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Streets of Rage 2

First released in 1993 on the Sega Megadrive, the arrival of Streets of Rage 2 on Xbox Live Arcade was eagerly anticipated by many adoring fans of the original series. Finally gamers can get their teeth into one of the best retro fighting games and relive a cult classic through a straight port available on Microsoft’s impressive download system.


With the sheer mass of beat-em-ups seen over the last fifteen years, it is surprising to see just how well Streets of Rage 2 has kept pace with the games of the last three generations. The reason for this is the accessibility and playability that the title offers even after a decade beyond release.

The sequel to the original Streets of Rage saw an improvement on what made the first game an instant classic all those years ago. With a bit of tinkering, the developers had altered the formula so that the player gets more out of the game. The changes may have seemed minor to the casual eye, but the result was more apparent for the judging consumer.

The biggest and most important change was the alteration of gameplay and fighting system so that it became free flowing and rewarding. The developers refined the controls so that more satisfaction is offered to the player.


“More satisfaction is offered to the player”The major difference within the fighting system was the inclusion of special attacks that have to be tactically used, or else a tough battle could be lost. Instead of the special attacks from the first game that would see everyone on screen targeted, you will have to aim and use your attack sparingly. Your chosen character’s health will deplete after every time you use this, so the choice between risk and reward is remarkably close. As a matter of fact, on the easier difficulty there is little choice. Even the least talented player could clear the entire game without needing to use any of the powerful attacks. However, it is the tougher end of the scale that really offers a hardcore challenge that retro gamers will be begging to take…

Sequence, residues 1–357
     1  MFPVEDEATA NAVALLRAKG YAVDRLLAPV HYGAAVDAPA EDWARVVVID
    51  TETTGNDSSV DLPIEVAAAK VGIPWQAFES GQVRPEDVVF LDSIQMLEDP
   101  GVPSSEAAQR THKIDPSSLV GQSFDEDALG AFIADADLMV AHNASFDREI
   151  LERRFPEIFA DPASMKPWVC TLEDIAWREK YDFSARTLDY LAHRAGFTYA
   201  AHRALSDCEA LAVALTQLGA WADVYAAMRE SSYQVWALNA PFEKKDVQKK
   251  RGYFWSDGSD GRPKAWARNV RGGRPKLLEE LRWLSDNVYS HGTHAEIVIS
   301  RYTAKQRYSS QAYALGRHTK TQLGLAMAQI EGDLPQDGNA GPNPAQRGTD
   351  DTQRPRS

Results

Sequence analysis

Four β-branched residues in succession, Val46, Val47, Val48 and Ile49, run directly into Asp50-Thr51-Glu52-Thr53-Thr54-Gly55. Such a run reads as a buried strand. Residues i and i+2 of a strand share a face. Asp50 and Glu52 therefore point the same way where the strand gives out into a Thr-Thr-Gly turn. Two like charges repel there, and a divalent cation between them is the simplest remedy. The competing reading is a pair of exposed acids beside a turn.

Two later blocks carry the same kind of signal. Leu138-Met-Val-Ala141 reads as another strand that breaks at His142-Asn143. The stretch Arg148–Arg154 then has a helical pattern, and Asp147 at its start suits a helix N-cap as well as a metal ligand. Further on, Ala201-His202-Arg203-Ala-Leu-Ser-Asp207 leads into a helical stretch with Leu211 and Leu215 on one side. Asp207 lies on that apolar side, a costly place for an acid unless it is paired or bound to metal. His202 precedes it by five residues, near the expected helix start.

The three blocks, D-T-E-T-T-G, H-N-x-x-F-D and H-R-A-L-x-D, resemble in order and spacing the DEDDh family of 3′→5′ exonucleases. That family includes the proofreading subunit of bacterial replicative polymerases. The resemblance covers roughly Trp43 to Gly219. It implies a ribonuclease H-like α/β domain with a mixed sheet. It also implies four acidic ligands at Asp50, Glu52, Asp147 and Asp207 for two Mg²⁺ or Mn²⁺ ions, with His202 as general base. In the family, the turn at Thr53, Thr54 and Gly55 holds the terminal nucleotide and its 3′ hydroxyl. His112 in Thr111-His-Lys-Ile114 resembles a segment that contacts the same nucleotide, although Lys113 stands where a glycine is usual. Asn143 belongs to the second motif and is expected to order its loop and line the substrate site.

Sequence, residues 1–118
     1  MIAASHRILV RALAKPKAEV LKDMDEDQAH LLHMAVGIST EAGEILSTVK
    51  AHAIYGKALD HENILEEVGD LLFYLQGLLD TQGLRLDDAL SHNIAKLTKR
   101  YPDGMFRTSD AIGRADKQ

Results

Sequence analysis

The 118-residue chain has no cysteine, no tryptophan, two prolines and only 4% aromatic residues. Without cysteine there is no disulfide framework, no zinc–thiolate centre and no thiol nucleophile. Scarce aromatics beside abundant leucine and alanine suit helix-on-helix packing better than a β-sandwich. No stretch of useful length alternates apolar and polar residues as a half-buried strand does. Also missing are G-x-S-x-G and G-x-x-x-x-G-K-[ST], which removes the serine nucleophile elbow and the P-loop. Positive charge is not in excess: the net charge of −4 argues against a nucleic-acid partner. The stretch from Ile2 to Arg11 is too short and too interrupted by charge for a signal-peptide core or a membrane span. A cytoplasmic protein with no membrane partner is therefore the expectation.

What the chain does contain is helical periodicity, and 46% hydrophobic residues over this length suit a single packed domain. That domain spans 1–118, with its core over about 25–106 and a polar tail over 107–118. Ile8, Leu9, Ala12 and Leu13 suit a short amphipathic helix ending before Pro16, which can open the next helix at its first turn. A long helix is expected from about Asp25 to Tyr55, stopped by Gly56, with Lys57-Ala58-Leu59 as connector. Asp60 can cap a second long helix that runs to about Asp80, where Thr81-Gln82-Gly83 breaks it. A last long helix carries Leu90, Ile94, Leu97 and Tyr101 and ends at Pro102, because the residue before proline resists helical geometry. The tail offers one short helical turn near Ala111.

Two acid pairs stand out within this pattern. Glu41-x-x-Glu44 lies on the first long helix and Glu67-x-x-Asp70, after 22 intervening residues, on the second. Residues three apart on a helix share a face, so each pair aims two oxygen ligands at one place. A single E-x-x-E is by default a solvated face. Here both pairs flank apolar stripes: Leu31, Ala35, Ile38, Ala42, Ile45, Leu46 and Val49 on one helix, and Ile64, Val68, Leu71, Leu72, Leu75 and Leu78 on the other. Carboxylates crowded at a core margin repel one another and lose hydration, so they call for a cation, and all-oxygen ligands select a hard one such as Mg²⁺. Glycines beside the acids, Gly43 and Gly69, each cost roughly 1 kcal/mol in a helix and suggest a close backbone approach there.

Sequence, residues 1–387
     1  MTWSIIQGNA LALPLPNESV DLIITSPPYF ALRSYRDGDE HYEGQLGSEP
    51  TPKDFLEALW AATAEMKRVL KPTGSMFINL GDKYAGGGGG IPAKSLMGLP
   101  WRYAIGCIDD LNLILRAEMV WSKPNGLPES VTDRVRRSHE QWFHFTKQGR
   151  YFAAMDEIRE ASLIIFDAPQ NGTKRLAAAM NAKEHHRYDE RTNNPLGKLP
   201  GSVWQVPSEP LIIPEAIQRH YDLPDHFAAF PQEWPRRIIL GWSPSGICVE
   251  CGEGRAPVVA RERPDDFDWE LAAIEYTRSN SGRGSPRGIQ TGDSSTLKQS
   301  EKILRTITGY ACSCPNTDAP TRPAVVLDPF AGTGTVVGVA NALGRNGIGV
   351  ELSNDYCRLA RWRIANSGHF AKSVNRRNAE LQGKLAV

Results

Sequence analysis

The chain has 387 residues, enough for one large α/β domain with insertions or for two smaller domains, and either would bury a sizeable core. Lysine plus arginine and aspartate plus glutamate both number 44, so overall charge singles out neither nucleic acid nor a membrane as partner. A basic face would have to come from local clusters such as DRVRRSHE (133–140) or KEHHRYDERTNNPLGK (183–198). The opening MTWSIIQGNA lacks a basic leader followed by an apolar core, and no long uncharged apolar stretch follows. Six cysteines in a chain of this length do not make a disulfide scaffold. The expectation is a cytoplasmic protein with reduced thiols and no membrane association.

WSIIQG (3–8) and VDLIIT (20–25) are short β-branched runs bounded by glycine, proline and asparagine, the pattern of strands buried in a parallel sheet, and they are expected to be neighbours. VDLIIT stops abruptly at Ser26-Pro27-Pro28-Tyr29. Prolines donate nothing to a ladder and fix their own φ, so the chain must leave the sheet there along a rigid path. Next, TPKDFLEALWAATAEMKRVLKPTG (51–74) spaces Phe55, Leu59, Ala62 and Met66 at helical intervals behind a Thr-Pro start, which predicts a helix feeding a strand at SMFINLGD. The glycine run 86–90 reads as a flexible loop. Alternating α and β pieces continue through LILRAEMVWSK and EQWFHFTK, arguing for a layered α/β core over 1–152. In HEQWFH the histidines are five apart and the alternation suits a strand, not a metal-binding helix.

When beginning a new single player game, the player has a choice of four characters. This title introduces two new faces to the series in the form of Max Thunder and Skate Hunter, of whom the story is based around as he tries to save his older brother Adam Hunter from the clutches of the evil villain Mr. X. Veterans of the series will quickly identify that Adam Hunter was one of the heroes from the first game, giving more incentive to secure his rescue. Alongside the two new heroes are favourites from the original game, as Axel Stone and Blaze Fielding step up to the latest challenge.

The game itself is very short, lasting barely an hour on the easiest difficulties. This could put many off, as only loyal fans will replay the story more than once. Although it is a speedy experience, it certainly is a sweet one as well. The entire game is presented exactly as it was way back in ’93. This is a huge bonus for any gamer as it gives the chance to experience one of the most influential titles the Megadrive ever saw. For the older generations, the memories will soon start flowing as you enter the quest to save your pal once again.


“Although it is a speedy experience, it certainly is a sweet one”The only addition to this version of the game is the chance to “smooth” the graphics. Sounds good on the surface, but basically it is one of the most inappropriate additions the developers could have implemented. It hardly affects the graphics at all, giving the game a little bit more clarity. As this is meant to be a port of the original title, the word “unneeded” doesn’t do this option justice.

The original musical score is present, and still gives the game the charm many experienced in the last century. Upon hearing the familiar tracks again, it is easy to see the attractiveness of the title. If the developers had altered the soundtrack in any way, many players would have been furious, so the inclusion of the entirely original score is a huge plus.